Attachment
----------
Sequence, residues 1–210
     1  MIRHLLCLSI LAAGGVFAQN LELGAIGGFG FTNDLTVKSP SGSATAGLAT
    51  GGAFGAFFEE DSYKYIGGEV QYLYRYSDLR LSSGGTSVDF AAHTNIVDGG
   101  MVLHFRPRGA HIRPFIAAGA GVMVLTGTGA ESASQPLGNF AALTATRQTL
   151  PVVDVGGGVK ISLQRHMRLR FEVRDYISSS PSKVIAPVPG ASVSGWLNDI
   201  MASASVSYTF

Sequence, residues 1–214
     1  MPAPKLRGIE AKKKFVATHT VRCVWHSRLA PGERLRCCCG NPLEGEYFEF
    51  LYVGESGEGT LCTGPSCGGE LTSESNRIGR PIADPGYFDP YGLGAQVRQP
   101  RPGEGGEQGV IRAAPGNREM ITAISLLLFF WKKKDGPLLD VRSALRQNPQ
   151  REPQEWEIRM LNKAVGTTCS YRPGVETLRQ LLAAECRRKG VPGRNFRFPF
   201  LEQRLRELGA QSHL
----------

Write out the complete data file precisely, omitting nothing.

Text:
Sequence, residues 1–210
     1  MIRHLLCLSI LAAGGVFAQN LELGAIGGFG FTNDLTVKSP SGSATAGLAT
    51  GGAFGAFFEE DSYKYIGGEV QYLYRYSDLR LSSGGTSVDF AAHTNIVDGG
   101  MVLHFRPRGA HIRPFIAAGA GVMVLTGTGA ESASQPLGNF AALTATRQTL
   151  PVVDVGGGVK ISLQRHMRLR FEVRDYISSS PSKVIAPVPG ASVSGWLNDI
   201  MASASVSYTF

Sequence, residues 1–214
     1  MPAPKLRGIE AKKKFVATHT VRCVWHSRLA PGERLRCCCG NPLEGEYFEF
    51  LYVGESGEGT LCTGPSCGGE LTSESNRIGR PIADPGYFDP YGLGAQVRQP
   101  RPGEGGEQGV IRAAPGNREM ITAISLLLFF WKKKDGPLLD VRSALRQNPQ
   151  REPQEWEIRM LNKAVGTTCS YRPGVETLRQ LLAAECRRKG VPGRNFRFPF
   201  LEQRLRELGA QSHL